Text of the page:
C. Dietrich, C. Rossow, N. Pohlmann.,
“CoCoSpot: Clustering and Recognizing Botnet Command and Control Channels using Traffic Analysis”.
A Special Issue of Computer Networks On “Botnet Activity: Analysis,
Detection and Shutdown”,
Elsevier, July 2012.
We present CoCoSpot, a novel approach to recognize botnet command and control channels solely based on traffic analysis features, namely carrier protocol distinction, message length sequences and encoding differences. Thus, CoCoSpot can deal with obfuscated and encrypted C&C protocols and complements current methods to fingerprint and recognize botnet C&C channels. Using average-linkage hierarchical clustering of labeled C&C flows, we show that for more than 20 recent botnets and over 87,000 C&C flows, CoCoSpot can recognize more than 88% of the C&C flows at a false positive rate below 0.1%.
A defining characteristic of a bot is its ability to be remote-controlled by way of command and control (C&C). Typically, a bot receives commands from its master, performs tasks and reports back on the execution results. All communication between a C&C server and a bot is performed using a specific C&C protocol over a certain C&C channel. Consequently, in order to
instruct and control their bots, bot masters – knowingly or not – have to define and use a certain command and control protocol. The C&C protocol is thus considered a bot-inherent property. Historically, bots used cleartext C&C protocols, such as plaintext messages transmitted using IRC or HTTP. However, a C&C channel relying on a plaintext protocol can be detected
reliably. Methods such as payload byte signatures as shown by Rieck et al. or heuristics on common C&C message elements such as IRC nicknames as proposed by Goebel and Holz are examples for such detection techniques. To evade payload-based detection, botnets have evolved and often employ C&C protocols with obfuscated or encrypted messages as is the case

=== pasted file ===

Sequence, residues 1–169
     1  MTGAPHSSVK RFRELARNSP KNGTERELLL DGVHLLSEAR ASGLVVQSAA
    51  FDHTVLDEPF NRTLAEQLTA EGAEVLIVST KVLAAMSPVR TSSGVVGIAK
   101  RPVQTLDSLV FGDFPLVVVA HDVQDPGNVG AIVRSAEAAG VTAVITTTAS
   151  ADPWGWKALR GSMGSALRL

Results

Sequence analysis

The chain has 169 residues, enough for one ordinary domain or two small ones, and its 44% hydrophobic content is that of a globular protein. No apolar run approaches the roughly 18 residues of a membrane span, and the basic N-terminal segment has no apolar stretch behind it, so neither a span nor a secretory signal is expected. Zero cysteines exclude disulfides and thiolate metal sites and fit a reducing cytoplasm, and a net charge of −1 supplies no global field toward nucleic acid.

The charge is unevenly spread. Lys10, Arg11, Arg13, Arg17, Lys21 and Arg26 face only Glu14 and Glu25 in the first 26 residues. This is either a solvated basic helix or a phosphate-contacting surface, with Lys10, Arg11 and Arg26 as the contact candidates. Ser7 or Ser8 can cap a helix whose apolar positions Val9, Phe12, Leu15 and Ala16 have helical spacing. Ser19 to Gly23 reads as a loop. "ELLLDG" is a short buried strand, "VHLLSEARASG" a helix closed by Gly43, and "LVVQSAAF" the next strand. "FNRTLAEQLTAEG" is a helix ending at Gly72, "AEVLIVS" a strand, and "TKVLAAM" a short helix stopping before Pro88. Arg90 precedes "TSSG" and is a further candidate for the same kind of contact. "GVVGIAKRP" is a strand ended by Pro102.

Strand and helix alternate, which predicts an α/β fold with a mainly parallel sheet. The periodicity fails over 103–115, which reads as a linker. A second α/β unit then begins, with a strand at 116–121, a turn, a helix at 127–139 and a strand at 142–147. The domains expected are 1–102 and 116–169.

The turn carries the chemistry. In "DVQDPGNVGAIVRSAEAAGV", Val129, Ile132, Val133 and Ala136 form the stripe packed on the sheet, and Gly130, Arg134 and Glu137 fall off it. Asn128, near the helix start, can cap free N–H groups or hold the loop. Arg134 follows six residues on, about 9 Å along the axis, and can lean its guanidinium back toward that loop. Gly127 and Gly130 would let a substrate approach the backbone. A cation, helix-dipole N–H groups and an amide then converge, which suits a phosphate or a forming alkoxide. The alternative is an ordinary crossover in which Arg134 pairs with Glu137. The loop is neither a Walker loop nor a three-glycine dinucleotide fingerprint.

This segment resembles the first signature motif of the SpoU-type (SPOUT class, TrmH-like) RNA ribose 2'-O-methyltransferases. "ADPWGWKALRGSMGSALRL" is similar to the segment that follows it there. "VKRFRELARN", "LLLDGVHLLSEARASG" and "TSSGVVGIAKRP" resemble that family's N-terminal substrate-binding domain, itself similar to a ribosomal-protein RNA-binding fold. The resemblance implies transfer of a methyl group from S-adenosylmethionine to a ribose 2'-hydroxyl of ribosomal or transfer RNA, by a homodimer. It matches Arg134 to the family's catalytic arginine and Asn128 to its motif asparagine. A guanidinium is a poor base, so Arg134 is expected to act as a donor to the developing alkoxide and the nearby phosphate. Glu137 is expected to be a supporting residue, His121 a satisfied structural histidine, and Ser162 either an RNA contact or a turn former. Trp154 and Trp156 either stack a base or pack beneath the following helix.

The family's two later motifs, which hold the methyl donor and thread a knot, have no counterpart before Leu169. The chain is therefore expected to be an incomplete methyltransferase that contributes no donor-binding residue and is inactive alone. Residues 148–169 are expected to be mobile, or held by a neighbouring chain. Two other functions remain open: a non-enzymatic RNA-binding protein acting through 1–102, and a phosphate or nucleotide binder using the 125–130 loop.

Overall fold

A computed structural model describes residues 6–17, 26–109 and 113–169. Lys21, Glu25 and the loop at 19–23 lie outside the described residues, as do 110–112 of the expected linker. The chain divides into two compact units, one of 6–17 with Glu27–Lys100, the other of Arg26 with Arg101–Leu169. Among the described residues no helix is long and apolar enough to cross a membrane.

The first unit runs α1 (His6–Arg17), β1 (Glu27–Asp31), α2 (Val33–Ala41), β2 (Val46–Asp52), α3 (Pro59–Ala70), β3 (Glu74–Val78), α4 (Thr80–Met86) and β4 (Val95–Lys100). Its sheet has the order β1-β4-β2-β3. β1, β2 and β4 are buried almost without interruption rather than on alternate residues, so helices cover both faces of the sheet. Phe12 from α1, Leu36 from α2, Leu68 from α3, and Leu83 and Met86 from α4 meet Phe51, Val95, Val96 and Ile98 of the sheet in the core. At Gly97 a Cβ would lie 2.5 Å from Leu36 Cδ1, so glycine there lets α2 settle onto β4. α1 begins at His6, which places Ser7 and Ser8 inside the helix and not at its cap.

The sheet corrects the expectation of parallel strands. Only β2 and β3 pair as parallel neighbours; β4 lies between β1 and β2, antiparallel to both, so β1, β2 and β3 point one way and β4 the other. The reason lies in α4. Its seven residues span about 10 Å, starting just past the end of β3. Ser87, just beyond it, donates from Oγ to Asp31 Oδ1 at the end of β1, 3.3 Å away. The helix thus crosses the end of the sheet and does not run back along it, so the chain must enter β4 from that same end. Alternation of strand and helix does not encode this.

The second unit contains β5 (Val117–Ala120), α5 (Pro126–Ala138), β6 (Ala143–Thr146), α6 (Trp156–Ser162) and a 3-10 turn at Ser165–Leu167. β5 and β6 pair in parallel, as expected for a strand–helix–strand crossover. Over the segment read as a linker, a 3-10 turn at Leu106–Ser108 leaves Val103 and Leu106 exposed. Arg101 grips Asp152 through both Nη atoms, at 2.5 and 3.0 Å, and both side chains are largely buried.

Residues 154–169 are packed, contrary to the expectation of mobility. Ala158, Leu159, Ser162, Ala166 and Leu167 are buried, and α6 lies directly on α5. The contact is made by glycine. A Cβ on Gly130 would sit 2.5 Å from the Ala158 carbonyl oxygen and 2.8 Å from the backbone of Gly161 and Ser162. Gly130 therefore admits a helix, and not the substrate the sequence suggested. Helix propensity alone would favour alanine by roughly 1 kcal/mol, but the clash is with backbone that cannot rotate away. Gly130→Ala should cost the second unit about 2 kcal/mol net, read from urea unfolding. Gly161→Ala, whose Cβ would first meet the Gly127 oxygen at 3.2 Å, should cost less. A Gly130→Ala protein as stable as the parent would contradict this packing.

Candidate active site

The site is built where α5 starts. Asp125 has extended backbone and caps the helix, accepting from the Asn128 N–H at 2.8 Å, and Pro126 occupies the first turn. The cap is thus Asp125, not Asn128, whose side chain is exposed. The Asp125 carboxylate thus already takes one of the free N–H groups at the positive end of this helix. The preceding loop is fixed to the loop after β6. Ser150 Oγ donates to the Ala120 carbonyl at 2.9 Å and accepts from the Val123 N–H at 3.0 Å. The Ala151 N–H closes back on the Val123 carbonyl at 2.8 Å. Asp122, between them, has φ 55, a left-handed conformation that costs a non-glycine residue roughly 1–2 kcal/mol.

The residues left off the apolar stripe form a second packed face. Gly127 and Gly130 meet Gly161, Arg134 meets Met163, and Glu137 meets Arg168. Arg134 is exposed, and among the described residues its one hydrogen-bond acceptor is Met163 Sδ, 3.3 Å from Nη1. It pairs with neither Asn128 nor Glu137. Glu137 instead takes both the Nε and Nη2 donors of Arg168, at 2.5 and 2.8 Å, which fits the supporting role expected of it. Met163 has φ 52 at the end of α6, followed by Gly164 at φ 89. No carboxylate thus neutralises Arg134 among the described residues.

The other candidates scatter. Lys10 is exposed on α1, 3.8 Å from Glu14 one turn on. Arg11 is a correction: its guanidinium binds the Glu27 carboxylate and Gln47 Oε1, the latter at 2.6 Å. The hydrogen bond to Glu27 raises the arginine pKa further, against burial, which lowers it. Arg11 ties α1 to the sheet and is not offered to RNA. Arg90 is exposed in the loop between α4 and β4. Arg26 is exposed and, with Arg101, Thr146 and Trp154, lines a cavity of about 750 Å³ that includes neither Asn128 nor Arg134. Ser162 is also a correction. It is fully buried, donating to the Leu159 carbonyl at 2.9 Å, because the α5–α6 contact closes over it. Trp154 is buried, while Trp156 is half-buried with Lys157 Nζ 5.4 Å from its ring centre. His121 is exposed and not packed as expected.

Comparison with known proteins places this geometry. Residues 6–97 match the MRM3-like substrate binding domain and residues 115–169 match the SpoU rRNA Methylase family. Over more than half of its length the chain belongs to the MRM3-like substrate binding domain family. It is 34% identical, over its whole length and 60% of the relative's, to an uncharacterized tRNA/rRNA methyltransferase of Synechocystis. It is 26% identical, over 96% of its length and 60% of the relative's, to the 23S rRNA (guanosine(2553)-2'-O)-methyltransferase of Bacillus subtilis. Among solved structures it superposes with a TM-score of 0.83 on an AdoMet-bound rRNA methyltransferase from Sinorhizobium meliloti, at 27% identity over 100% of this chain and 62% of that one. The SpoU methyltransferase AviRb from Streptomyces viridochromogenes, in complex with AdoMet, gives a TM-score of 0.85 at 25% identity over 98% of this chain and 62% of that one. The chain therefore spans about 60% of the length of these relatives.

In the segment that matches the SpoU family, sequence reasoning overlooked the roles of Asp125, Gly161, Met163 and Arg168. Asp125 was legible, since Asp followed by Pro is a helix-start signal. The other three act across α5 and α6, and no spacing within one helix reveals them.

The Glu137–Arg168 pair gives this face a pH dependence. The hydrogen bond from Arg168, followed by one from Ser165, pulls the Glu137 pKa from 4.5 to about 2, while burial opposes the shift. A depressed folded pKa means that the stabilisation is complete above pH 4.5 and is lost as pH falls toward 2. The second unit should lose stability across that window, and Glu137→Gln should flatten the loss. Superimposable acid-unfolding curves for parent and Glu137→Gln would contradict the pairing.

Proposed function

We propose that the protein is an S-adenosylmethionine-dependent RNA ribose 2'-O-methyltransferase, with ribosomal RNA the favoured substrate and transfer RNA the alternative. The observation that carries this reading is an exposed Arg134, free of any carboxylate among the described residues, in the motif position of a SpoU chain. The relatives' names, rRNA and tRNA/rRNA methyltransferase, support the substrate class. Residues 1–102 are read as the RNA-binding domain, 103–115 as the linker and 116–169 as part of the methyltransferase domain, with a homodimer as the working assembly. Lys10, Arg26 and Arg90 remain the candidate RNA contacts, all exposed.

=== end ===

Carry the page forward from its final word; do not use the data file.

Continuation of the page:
with Waledac , Zeus , Hlux , TDSS , Virut  and Feederbot , to name but a few. The change towards encrypted or obfuscated C&C messages effectively prevents detection approaches that rely on plaintext C&C message contents. In this article, we take a different approach to recognize C&C channels of botnets and fingerprint botnet C&C channels based on traffic analysis properties. The rationale behind our methodology is that for a variety of botnets, characteristics of their C&C protocol manifest in the C&C communication behavior. For this reason, our recognition approach is solely based on traffic analysis. As an example, consider a C&C protocol that defines a specific handshake – e.g., for mutual authentication – to be performed in the beginning of each C&C connection. Each request and
response exchanged during this handshake procedure conforms to a predefined structure and length, which in turn leads to a characteristic sequence of message lengths. In fact, we found that in the context of botnet C&C, the sequence of message lengths is a well-working example for
traffic analysis features. Table 1 shows the sequence of the first 8 messages in four Virut C&C flows and two Palevo2 C&C flows. Whereas Virut exhibits similar message lengths for the first message (in the range 60-69) and a typical sequence of message lengths at positions five to eight, for Palevo, the first three message lengths provide a characteristic fingerprint.